The University of Toronto’s Student Newspaper Since 1880

Share on facebook
Share on twitter
Share on email

2021 Ontario budget shows decrease in postsecondary funding, expansion of OSAP eligibility

CFS–Ontario, OCUFA call for more financial assistance
Share on facebook
Share on twitter
Share on email
The Ontario 2021 budget was released on March 24. ASIF AISHA IBRAHIM/THE VARSITY
The Ontario 2021 budget was released on March 24. ASIF AISHA IBRAHIM/THE VARSITY

On March 24, the Ontario Ministry of Finance released the Ontario 2021 budget, which focuses on the province’s action plan to tackle COVID-19 in the upcoming fiscal year, alongside mental health spending, tuition caps, and funding for postsecondary institutions. 

Funding for the postsecondary education sector decreased in the 2020–2021 year from the previous year, but it is expected to consistently increase for the next three years. 

The budget has faced criticism, including from the Canadian Federation of Students–Ontario (CFS–O), for a lack of adequate funding to post-secondary education.

Tuition caps, funding postsecondary institutions 

In the 2019–2020 academic year, the province implemented a 10 per cent decrease in tuition fees for Ontario students who were enrolled in a funding-eligible program at a publicly funded university or college. The government also froze tuition for the 2020–2021 year.

With the goal of increasing the number of people working in long-term care and fixing long-standing challenges, Ontario is also implementing a publicly-funded and tuition-free personal support workers (PSW) training program for 6,000 new students. Furthermore, approximately 2,200 current students will be eligible for a new $2,000 tuition grant, which is meant to help PSW students complete their studies. The students will also receive a stipend for the clinical placement area of their training. 

Lastly, the Ontario Student Assistance Program (OSAP) eligibility and funding will be expanded for micro-credential programs, which provide students with additional skills and qualifications.

In terms of funding postsecondary institutions, the provincial government will provide a base operating grant fund of $3.6 billion to Ontario’s 21 publicly funded universities in the 2021–2022 school year. Another $1.4 billion will be given to Ontario’s 24 publicly funded colleges. This funding will assist in several general operating expenses, such as program delivery, student services, and staffing. 

An additional $106.4 million is to be provided for colleges and universities to aid in addressing COVID-19 financial impacts in the 2020–2021 school year, as mentioned by Scott Clark, Press Secretary of the Minister of Colleges and Universities, in an email to The Varsity.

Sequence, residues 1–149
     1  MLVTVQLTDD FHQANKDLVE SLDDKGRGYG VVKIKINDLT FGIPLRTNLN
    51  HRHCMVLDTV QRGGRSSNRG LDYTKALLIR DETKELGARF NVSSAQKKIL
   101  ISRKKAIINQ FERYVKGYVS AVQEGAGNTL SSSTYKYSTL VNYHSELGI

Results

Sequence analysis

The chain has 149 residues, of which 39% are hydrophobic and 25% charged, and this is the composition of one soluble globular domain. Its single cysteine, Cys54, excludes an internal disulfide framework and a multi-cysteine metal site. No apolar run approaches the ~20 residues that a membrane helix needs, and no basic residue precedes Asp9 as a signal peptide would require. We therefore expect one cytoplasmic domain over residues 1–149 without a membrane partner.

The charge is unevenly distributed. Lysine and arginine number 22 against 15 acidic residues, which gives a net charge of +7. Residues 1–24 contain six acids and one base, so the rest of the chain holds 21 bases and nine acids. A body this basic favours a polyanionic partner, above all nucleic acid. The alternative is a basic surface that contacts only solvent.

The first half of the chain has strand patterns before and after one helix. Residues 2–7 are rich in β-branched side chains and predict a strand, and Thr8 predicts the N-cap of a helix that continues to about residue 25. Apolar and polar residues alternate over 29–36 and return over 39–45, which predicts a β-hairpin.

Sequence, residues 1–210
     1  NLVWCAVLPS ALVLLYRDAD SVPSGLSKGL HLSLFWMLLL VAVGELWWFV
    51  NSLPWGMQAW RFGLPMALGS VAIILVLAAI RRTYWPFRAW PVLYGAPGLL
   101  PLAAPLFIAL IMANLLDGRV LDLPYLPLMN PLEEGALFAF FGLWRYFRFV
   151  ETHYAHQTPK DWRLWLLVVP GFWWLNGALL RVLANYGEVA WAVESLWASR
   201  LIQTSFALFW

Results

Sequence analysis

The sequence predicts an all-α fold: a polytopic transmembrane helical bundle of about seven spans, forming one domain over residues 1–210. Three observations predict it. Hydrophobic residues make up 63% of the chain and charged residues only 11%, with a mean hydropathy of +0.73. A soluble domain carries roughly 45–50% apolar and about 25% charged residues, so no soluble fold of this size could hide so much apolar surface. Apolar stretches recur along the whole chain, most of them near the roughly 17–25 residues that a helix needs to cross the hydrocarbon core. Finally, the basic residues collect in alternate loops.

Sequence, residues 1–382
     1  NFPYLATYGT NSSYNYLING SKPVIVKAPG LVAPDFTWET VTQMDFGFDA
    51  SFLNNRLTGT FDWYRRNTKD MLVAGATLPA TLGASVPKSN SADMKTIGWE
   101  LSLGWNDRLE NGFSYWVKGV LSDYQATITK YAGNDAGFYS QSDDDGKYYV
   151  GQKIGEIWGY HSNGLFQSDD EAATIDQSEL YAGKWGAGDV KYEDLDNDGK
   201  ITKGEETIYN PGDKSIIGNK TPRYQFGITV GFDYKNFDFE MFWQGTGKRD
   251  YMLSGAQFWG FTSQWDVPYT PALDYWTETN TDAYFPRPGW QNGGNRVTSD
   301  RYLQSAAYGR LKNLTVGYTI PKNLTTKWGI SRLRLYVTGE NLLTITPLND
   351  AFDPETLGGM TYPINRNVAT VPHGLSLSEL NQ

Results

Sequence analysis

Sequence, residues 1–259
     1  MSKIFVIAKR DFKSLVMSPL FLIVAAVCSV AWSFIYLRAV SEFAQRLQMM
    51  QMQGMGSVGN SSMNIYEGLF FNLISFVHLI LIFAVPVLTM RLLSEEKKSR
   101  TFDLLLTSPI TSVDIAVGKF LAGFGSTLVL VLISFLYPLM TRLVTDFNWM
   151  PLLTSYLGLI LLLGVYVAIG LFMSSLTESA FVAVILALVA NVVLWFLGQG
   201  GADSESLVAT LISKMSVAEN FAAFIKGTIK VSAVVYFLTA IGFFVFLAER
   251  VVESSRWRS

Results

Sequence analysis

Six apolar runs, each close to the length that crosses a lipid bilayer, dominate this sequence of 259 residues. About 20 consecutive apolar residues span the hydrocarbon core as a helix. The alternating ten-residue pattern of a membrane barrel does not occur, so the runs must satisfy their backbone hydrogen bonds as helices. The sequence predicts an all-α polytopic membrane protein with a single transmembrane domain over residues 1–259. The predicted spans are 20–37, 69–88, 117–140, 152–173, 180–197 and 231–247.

Clark also pointed out that $466 million will be given to publicly assisted postsecondary institutions over the course of three years, and this funding has already begun in 2020–2021. The funding is to help “address the need for critical maintenance, repairs, upgrades and renewals.”

Criticisms of postsecondary budget

In an email to The Varsity, Kayla Weiler, a national executive representative of the CFS–O, wrote that she believes the province and Doug Ford’s government have “missed the mark and left students behind.”

As an example, Weiler noted that the Ford government and Minister of Colleges and Universities Ross Romano had cut a significant amount from OSAP. 

“Students are already facing some of the highest tuition rates in the country and the lowest per-capita student funding,” Weiler wrote, pointing out that OSAP funding decreased from $10.5 billion in 2019–2020 to $10.3 billion in the 2020–2021 year. 

“Students shouldn’t have to choose between buying groceries and paying rent or attending a post-secondary institution,” Weiler concluded.

The Ontario Confederation of University Faculty Associations (OCUFA) put out a statement on the budget on March 24, criticizing it for failing to support universities and pointing to the large role of university research during COVID-19. 

“Under the Ford government, per-student funding for universities will drop even further, as institutions will be expected to increase enrolment over the next three years without any additional money,” reads the statement.

The statement mentioned the provincial government’s choice to expand OSAP eligibility for students studying at Indigenous institutes and for micro-credential programs, but expressed regret that the move was not matched with additional OSAP funding. 

Mental health and substance use disorder spending

In the coming year, Ontario will be providing additional funding of $175 million to assist with mental health and substance use disorders, which is part of an overall 10-year investment of $3.8 billion. 

Alongside the funding, the plan has several mental health projects either in construction or in planning. In southwestern Ontario, there will be renovations to the Hôtel-Dieu Grace Healthcare’s Tayfour site to allow consolidation of mental health services. On the eastern side, the Carlington Community Health Centre will undergo construction to consolidate various programs into a new facility — one of which is the mental health program.

The province will also issue funding to help postsecondary students during the pandemic. An extra $7 million has been allocated in 2020–2021 to expand the accessibility of mental health and substance use disorder services. This $7 million funding builds on a bigger investment of $19.25 million broadcasted in October 2020. The funding is meant to help the needs of students through on-campus and virtual services.